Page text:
Business owners also fall into the trap of trying one marketing/advertising tactic one time and dropping it to try something else. If you decide to try something, make sure you try it enough to make the determination that it’s not a good fit for your business. Things like direct mail, SEO and networking take time to develop and to see results. A business that runs a single direct mail campaign (or anything else) that fails and declares, “direct mail doesn’t work”, is like a person picking up a guitar for the first time, playing a few clunky cords and declares, “guitars don’t work”. Yeah, they don’t work for you, but they work fine for people that know what they are doing.
“Discipline is the bridge between goals and accomplishment.” – Jim Rohn
I think one of the major advantages of a franchise over an independent business is discipline. This discipline evolves out of past experience and successes of other franchisees in the system. A franchiser may require you to do things you may find excessive and cost prohibitive, such as expanded hours even though you are not busy or requiring front desk staff when you are losing money keeping them there all week. They may require continued advertising spend when you are not seeing results. What the franchiser knows is that these things will eventually pay off and make you a more successful business in the long run. An independent business may look at these as a waste of time and resources and start cutting back before they are able to pay off.
This continual corner cutting often leads to a downward spiral that many small businesses can’t pull out of.
It may be tempting to close early, stop advertising, cut staffing hours or use a cheaper quality material to save a few bucks, but often times they lead to longer term issues of customer trust, brand quality and poor service that leads to a poor business reputation and lost sales. Sometimes you have to make tough decisions, just make sure you think about the long-term impact on your business before you make them.
“The only way you will ever permanently take control of your financial life is to dig deep and fix the root problem.” – Suze Orman
Most businesses shut down due to financial reasons. The reasons the finances are in poor shape may be numerous, but lack of cash usually brings a business to a grinding halt. As a business owner, you need to have a firm grasp on the finances of your business. If you’re like me and hate financials, you need to get someone you trust to keep track of what is happening with your money.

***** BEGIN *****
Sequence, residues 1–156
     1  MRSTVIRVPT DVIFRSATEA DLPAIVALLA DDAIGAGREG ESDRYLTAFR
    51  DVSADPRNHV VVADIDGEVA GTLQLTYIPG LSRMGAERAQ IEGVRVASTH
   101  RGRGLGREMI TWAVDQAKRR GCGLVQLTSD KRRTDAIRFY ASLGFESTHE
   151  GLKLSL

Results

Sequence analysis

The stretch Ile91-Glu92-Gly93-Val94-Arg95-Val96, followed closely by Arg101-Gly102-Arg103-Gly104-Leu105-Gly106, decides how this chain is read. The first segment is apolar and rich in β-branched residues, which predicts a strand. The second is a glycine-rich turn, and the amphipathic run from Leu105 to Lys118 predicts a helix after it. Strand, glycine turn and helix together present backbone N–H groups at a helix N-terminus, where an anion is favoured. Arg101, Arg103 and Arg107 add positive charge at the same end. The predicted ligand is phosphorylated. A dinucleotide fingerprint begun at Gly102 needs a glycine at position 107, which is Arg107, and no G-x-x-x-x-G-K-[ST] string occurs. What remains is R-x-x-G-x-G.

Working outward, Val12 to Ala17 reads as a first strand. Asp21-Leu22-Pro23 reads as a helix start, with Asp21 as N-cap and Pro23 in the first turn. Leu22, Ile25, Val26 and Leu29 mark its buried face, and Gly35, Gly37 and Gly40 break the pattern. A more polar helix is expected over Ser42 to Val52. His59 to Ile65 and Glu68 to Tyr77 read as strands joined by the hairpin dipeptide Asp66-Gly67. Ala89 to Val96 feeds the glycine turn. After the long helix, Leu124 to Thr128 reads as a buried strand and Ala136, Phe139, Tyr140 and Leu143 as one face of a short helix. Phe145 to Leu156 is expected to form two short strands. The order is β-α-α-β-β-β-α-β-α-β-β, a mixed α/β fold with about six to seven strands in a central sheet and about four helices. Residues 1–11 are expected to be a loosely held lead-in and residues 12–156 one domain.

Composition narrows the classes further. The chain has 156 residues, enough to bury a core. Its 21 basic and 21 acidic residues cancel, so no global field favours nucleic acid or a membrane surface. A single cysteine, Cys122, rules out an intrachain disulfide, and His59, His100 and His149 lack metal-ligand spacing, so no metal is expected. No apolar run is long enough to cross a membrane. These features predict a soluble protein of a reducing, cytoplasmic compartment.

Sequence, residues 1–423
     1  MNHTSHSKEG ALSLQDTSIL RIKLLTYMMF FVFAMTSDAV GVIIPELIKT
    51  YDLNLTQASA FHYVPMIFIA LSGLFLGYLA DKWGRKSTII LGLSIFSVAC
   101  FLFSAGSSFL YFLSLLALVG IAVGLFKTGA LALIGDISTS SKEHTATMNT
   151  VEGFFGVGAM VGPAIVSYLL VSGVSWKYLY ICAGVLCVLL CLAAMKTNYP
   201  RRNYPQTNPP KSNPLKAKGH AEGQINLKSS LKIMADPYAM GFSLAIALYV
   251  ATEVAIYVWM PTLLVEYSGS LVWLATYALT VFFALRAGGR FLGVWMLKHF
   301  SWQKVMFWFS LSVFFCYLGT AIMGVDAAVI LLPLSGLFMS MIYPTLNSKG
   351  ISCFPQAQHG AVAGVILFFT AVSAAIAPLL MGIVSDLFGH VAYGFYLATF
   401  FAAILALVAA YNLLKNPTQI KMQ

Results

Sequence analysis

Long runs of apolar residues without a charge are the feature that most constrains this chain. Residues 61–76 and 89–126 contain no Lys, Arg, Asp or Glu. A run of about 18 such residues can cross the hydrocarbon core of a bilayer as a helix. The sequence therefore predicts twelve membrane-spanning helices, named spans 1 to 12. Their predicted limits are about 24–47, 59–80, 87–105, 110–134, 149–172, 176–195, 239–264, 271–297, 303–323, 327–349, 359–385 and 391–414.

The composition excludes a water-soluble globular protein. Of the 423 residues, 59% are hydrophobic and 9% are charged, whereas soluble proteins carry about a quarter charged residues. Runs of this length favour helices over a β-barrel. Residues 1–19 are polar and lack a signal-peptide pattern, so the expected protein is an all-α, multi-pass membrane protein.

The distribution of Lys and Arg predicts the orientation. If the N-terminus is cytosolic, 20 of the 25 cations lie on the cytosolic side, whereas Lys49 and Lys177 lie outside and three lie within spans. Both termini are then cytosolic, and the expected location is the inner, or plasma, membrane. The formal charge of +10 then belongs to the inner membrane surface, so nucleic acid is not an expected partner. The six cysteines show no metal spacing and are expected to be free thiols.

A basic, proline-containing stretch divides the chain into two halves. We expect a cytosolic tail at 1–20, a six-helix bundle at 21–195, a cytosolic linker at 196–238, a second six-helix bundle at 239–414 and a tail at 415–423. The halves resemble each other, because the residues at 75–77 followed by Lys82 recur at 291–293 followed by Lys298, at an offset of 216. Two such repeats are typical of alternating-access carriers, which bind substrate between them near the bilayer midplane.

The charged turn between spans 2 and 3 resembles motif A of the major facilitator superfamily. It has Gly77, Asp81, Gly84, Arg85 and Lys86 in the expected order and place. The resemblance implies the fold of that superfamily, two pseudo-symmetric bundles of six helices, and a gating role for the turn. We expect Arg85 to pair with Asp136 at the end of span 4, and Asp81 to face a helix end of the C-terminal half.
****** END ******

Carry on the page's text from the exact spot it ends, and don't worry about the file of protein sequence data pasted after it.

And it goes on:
You’d be surprised how many business owners ignore the financial problems they are having, thinking if they ignore it long enough, things will fix themselves. What usually happens is that they ignore the financials until it is too late and lack the resources to pull themselves out of the financial hole they dug for themselves.
Not only do you need to understand profit and loss statements, you also need to have a firm understanding of the cash flow for your business. Many profitable businesses went under, not because they couldn’t turn a profit, but because they had major cash flow problems they couldn’t fix in time. How does that happen? Account receivables, slow payers, having to pay for inventory and supplies up front and taking way to long to get paid by customers. For many businesses, you need freely available cash to fill these gaps and if you take your eye off the ball, that gap can get so wide that you run out of cash.
As a business owner, know how your business works financially and never take your eye off the ball, no matter how bad you want to. One thing I also learned is that lenders want to lend to you when you don’t need, the second you run into trouble and need money, good luck trying to get a loan. Secure you lines of credit, financial reserves, etc long before you need them.
“You can have it all, just not at the same time” – Oprah Winfrey
News for you, despite what you read you will never have a perfect work/life/family balance. It’s a lie. Oprah Winfrey said it best, “You can have it all, just not at the same time”. At any given time one part of your life will be dominating everything else, the key is understanding this and making an effort to bring some balance when the time comes.
Just starting a business? No balance, your new business startup will consume you and take just about all of your time and mental capacity. Starting your own business is hard work and very difficult so you it will need your full attention.
Crisis at home? No balance, you will need to direct most of your attention to home life until things settle down. Family comes first, your business success is pointless if it is at the expense of your family. With your own business, there is no separation of work/home, it’s not a 9-5 job where you can physically and mentally clock out every day. It also doesn’t mean that it should dominate your life, it just means that owning your own business becomes part of who you are, which is why you should enjoy what you do.
Don’t feel guilty working an 80 hour week because you have a tight deadline to meet, but also don’t feel guilty taking a day off to spend time with the family. If you find yourself working 80 hours a week all the time, then there is a problem that needs to be fixed before you burn yourself out. On the flip side, don’t ignore fires that could seriously hurt your business because you planned on doing some weekend gardening.
One more note, and this is my personal opinion, don’t go out and start a business unless your significant other is onboard with it. You will hit some serious waves when starting a business and the stress can be unbearable, with the only thing keeping you together is knowing that you both jumped into entrepreneurship together. This is a whole other article, but thought I would throw it in there.
Here’s to your business success
Continual learning, taking responsibility and never taking your eye off the important things will put you on a path to continued success. Good luck.